Sunday, December 04, 2022

On a given school day morning, sometimes as early as 6:00 a.m., Naphtali Tzvi Yehuda Soloveichik will be on YouTube watching camp videos from his past three summers participating in Yachad’s camper program at Camp Morasha. For Naphtali, 17, who attends a private therapeutic school in his hometown of Chicago for those with autism, the impact of his few weeks integrated within a mainstream Jewish camp and the friendships formed have developed his social skills and strengthened his Jewish identity.

“Naphtali would know he is Jewish without the Yachad Camp Morasha program because of our lifestyle, but this experience really makes him feel part of the Jewish people,” shared his father, Rabbi Moshe Soleveichik, Rosh Yeshivas Brisk (Chicago) and Rav of Kehilas Beth Sholom Ahavas Achim. “That is what inclusive means.”

Yachad, the flagship agency of the Orthodox Union’s National Jewish Council for Disabilities (NJCD), provides unique social, educational and recreational programs for children and young adults with learning, developmental and physical disabilities with the goal of their inclusion in the total life of the Jewish community. With 17 opportunities for summer social development, ranging from trips to Israel to vocational and camper programs, Yachad/NJCD has become one of the largest providers of summer programs for Jewish individuals with disabilities. According to Jdata, an online forum for Jewish organizations to share information operated by Brandeis University and the Jim Joseph Foundation, Yachad serviced the second-highest number of campers with special needs in summer 2013.

“Since 2008, there has been tremendous growth in the number of individuals with a spectrum of disabilities being serviced in Yachad summer programs, from 190 five years ago, to 443 individuals from across the United States and Canada in summer 2013,” said Eli Hagler, National Yachad associate director. “This is something beyond incredible.” He also noted, “Yachad will continue adding new programs and services that additionally educate the community at large, championing the inclusion of those with special needs within the broad Jewish community.”

Yachad offers two opportunities for individuals with special needs to experience the Jewish homeland. Yachad Birthright—in conjunction with Israel Free Spirit, the OU’s Taglit-Birthright Israel program—is a free 10-day Israel experience tailored for individuals with special needs to accommodate physical handicaps, medical needs, etc. Yad B’Yad (YBY) (Hebrew for “hand in hand”) brings typical high school students together with Yachad members for a five-week Israel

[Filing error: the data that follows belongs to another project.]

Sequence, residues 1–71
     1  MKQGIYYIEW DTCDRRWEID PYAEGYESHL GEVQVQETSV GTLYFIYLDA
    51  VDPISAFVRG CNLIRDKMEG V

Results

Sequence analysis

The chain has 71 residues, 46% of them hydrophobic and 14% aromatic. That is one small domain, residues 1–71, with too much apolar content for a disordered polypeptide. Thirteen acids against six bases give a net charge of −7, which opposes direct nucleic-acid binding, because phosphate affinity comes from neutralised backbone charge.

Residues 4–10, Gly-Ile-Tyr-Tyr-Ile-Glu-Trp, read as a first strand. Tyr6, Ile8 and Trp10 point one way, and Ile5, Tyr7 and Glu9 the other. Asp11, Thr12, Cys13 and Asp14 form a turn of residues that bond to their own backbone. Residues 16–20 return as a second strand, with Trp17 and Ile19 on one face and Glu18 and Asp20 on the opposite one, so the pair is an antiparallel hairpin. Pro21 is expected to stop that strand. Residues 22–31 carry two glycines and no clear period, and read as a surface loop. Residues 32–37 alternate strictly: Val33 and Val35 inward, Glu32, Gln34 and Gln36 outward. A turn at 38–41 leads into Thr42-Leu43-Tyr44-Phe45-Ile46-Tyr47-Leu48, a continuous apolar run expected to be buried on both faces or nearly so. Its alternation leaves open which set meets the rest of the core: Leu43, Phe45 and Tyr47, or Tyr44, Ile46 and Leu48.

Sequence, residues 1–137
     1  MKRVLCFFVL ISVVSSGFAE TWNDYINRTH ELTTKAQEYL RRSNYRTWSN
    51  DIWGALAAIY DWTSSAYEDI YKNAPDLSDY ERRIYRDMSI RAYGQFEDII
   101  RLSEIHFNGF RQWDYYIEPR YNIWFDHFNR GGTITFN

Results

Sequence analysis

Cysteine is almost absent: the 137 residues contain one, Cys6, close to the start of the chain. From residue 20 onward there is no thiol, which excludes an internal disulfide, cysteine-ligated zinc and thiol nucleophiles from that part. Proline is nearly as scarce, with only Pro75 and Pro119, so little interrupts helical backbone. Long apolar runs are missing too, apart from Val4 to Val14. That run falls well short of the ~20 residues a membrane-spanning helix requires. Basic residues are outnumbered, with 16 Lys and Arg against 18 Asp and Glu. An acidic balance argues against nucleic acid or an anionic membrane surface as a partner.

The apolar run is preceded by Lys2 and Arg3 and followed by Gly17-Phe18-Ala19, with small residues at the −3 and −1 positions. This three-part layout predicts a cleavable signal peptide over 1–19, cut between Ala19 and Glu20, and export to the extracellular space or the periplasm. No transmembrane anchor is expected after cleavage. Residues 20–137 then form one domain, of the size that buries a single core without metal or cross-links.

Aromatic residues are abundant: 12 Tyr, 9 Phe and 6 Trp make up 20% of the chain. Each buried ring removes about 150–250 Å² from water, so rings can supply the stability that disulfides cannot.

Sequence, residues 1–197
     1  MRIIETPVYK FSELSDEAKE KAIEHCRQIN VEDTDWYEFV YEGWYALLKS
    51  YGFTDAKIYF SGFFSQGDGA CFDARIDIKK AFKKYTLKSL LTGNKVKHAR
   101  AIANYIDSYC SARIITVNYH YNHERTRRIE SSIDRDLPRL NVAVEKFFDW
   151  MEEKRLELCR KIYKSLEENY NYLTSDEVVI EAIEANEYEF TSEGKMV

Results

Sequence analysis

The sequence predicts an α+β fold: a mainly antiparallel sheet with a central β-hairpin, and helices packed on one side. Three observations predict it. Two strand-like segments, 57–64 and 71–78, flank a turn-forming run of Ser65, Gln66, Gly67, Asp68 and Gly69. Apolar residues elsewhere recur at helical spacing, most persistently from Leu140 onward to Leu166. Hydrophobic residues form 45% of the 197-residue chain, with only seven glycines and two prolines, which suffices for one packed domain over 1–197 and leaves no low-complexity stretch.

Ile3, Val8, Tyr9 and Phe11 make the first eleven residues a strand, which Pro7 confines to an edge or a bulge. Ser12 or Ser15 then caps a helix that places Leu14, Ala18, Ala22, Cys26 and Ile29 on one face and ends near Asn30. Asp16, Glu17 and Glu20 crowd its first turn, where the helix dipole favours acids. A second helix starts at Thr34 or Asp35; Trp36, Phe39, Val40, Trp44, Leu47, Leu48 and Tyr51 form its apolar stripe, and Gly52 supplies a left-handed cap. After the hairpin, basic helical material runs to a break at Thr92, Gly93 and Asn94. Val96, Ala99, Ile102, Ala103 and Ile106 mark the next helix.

“I went on YBY as a mainstream high-schooler, and that’s why I’m here now,” noted Rebecca Schrag, MSW, referring to her current position as director of Yad B’Yad, in addition to her work as Yachad director of Community and School Programing. “Last year registration for Yad B’Yad was filled for the summer by early winter. The long waiting list showed us that there is a need to provide a second YBY session for summer 2014, which is currently in the works.”

Stateside, Yachad offers a number of camp experiences within inclusive environments at camps on the east coast: Camps Morasha, Nesher, Shoshanim and Moshava in the Poconos of Pennsylvania; and Camp Mesorah in the Catskills of New York. Last summer, Yachad expanded to oversee existing camp programs for youth with special needs, Chaverim (for boys) at Camp Magen Avraham and Kesher (for girls) at Camp Sternberg, brother and sister camps located in the Catskills.

Many of these camps also provide opportunities for adult Yachad members to have summer jobs, working either four or the full eight weeks of the camp season, at sleep-away camps Lavi, Mesorah, Morasha, Moshava; or day camps such as Moshava Ba’ir in Paramus, NJ, or Moshava Ba’ir Toronto. With the guidance of a job coach, vocational workers are given assignments based upon interest and skill level. Yachad also provides social programming for all vocational staff.

“The hard work and dedication of Yachad camp program directors, who include speech therapists, social workers and special educators, has significantly contributed to the growth of the size and quality our programs,” stated Joe Goldfarb P.h.D., Yachad director of summer programs. “We’re very proud of all of our staff who make our programs work so well.”

“Wherever the placement within a Yachad Summer Program, everyone feels like that is their home,” reflected Nechama Braun, administrator of Yachad Summer Programs. “Whether a Yachad member or mainstream student, participants learn a tremendous amount about sensitivity; about friendships; about being part of a community; about reaching out to others; about giving to others; and at the end of the day everyone takes away a lot.”

Registration for Yachad Summer Programs 2014 is now open at www.yachad.org.

By Batya Rosner

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